The Academy was the best place to learn about this topic. Beyond its long-esteemed history of training lawyers since the League of Nations era, the Academy enjoys a special distinction within the community of international law. The Academy is located in the same premises as the Peace Palace. To provide context, the Peace Palace is home to the United Nations International Court of Justice (once called the World Court). This is where international law disputes between all 193 UN member states can be solved – peacefully – on matters ranging from maritime disputes to diplomatic relations. So imagine the gravity of being further educated in international law in the same location of the ICJ – the judicial heart of the United Nations and modern international law. It’s a humbling moment for anyone who has studied law, in one of these 193 members states, for example. The Peace Palace is also home to the Permanent Court of Arbitration (PCA), which settles global disputes that typically include a business investor and its host country government. This was another highlight for me, and I gained valuable insights from Brooks Daly, who gave a seminar during the private international law course.

As if that was not enough, the Peace Palace Library is also in the same premises, and it is a highly revered library. The library has a collection with over 1 million volumes that are highly specialized in international law. It has accumulated this collection since 1923. I was able to read extensively about how private international law operates in my home country, Nigeria, on matters ranging from enforcement of foreign judgments, contracts, bills of exchange and intellectual property, among others.

I first learned about the Academy in 2008. I saw its famous Summer Courses poster in the law faculty of my undergraduate school. I was admitted in 2010 and 2013, and eventually, in 2016, I was finally blessed with the time and opportunity to attend. I made great bonds with people on the course; met new contacts and we had professors from Belgium, Brazil, France, Germany, Greece, Italy, Sweden and Tunisia. We enjoyed organized visits to international organizations in The Hague such as the International Criminal Court and the OPCW. We were also the last set of participants under the era of Secretary-General Yves Daudet, whose legend is inspiring. It was a special experience all-round, and I would truly recommend it.

Cathy Kate

Irène Nguelewou Matho, Juriste doctorante à l'Université de Yaoundé II, Cameroun.

Dès l'annonce de ma sélection en tant qu'auditrice de l'Académie de Droit International de La Haye, ma joie a été immense car, cela me paraissait difficile dès la lecture du formulaire de candidature. Participer à cette session de l'Académie m'a permis de bénéficier des ressources intellectuelles et documentaires de la place, nécessaires pour ma thèse et ma future carrière. Ils provenaient en effet des enseignements et échanges effectués par les grands maîtres de droit international, mais aussi des auditeurs venus d'horizons divers et ayant en commun "l'esprit internationaliste". De plus, une documentation de pointe mise à notre disposition dans la bibliothèque de la place n'a fait que confirmer le fait qu'elle est l'une des plus fournies en droit international dans le monde. Ayant vécu une telle expérience de nature exceptionelle, je ne saurai exprimer mes sentiments en oubliant de remercier ceux qui m'ont permis d'une façon particulière à y participer et à passer un agréable séjours. Ces remerciements vont à l'endroit du staff dirigeant de l'Académie, des donnateurs de bourse, des enseignants camerounais et étrangers, des représentants des organisations internationales, la Fondation africaine de droit international, les staff de la bibliothèque et de l'AAA, ainsi que l'ensemble des auditeurs. Prenant ainsi une meiulleure mesure du droit international, mes perspectives sont dorénavant différentes et je souhaite renouveller cette expérience unique en son genre.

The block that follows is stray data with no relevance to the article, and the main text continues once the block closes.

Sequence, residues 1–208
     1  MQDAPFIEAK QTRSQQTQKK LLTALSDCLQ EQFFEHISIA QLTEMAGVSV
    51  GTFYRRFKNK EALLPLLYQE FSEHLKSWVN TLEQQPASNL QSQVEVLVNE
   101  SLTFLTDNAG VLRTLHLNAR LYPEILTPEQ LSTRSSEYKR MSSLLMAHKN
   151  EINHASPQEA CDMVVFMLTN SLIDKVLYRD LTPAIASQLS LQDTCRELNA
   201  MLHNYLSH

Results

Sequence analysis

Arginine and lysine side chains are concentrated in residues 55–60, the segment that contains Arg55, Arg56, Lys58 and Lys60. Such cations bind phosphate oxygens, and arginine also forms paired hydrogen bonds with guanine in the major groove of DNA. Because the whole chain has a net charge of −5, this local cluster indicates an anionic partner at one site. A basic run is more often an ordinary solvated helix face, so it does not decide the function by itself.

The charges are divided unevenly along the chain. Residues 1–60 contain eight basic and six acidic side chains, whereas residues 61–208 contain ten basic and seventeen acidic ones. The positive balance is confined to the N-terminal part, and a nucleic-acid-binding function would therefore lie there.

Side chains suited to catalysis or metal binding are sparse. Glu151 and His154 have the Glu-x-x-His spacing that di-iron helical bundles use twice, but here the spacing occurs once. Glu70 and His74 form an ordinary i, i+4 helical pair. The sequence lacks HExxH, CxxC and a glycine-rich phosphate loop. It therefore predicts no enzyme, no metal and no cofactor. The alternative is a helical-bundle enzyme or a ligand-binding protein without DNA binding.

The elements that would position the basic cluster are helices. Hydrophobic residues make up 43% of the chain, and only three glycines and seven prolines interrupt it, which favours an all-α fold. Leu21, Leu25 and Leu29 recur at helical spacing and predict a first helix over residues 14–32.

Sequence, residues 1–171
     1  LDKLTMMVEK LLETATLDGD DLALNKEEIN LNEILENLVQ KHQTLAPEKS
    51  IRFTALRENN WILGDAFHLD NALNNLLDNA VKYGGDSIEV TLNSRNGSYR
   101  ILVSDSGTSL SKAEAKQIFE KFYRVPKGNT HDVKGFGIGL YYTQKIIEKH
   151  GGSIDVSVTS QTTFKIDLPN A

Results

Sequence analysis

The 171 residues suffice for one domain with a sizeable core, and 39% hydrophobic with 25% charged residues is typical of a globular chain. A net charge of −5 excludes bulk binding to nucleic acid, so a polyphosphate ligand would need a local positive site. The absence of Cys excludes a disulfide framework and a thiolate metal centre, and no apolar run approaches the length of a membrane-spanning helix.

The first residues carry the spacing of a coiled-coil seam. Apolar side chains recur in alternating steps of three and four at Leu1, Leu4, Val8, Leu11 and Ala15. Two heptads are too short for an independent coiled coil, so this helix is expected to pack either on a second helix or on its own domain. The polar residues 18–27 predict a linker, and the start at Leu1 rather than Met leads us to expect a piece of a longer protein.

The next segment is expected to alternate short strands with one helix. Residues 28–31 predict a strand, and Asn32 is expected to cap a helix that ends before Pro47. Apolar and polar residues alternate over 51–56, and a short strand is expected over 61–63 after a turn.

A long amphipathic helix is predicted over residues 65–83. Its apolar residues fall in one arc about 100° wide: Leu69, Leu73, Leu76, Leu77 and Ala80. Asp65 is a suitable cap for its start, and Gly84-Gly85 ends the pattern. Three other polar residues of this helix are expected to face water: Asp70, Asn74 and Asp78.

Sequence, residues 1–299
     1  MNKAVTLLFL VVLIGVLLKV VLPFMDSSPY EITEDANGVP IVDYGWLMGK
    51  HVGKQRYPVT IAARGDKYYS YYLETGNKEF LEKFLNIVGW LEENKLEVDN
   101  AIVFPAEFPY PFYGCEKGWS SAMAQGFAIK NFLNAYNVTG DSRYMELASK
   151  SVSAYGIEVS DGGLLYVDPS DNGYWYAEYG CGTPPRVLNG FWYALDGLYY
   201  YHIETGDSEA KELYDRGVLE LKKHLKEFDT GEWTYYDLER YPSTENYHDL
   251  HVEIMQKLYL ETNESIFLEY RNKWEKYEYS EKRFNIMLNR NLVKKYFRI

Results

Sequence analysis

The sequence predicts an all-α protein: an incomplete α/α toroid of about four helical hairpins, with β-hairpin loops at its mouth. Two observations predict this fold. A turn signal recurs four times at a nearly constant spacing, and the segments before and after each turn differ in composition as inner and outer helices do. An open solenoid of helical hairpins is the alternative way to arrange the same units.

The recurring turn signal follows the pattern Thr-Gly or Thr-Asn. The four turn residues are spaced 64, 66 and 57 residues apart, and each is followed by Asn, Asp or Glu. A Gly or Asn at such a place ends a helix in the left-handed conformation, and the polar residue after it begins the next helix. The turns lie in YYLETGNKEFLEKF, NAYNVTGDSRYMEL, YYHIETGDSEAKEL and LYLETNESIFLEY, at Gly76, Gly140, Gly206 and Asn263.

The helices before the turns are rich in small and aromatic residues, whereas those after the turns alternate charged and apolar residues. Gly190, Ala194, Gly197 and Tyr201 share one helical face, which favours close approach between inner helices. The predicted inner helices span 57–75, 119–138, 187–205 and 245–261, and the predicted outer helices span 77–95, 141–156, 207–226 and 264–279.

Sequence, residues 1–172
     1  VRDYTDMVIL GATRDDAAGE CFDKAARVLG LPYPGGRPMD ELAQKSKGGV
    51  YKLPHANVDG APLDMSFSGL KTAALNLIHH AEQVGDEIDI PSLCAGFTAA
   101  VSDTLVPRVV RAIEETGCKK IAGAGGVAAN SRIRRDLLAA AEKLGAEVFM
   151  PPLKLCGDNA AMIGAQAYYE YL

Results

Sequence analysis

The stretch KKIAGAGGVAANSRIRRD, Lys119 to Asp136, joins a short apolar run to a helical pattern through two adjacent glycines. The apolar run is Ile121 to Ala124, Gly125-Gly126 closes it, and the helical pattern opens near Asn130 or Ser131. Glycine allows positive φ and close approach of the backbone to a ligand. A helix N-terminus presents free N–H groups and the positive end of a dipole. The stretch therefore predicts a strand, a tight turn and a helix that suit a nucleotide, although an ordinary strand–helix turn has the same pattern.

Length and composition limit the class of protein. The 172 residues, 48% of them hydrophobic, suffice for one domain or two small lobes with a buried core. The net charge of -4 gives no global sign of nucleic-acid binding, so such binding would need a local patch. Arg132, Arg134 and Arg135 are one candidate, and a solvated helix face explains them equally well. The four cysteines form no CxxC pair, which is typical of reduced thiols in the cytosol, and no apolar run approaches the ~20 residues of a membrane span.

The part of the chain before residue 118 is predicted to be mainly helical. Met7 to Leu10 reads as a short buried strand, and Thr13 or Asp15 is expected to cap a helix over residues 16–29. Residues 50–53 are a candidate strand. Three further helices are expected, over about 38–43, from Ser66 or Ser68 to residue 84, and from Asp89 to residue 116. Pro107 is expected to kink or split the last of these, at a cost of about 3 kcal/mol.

Johnny Junyu ChenJohnny Junyu Chen, Student passionate for international law from China, Hampshire College, Amherst, MA (USA)

“I have always imagined that Paradise will be a kind of a Library.”

People come to the Peace Palace for plural interests. The Library is one of them. Our librarians, for example, Candice and Niels, have been very inspirational. They gave us important guidelines on how to use the library. And they handle various catalogues efficiently. Books and journals are accessible. Inside the Library, I enriched my mind so much on the subject of private international law and also through my dialogues with scholars on a variety of legal issues. An additional delight to spend your summertime in the Reading Room is that you are well taken care of by the air conditioning.

The Academy is also a forum for dialogues. Dialogues happen here every day, among people, young or senior, East or West. With dialogues, we circulate knowledge and ideas. Courses, lectures, and seminars expand my scope of interest. I learned the development of conflicts of laws. With dialogues, we recognize the difference among us. Yet we find common passion: knowledge, peace, hope for a better future, and of course, sunshine and the beach.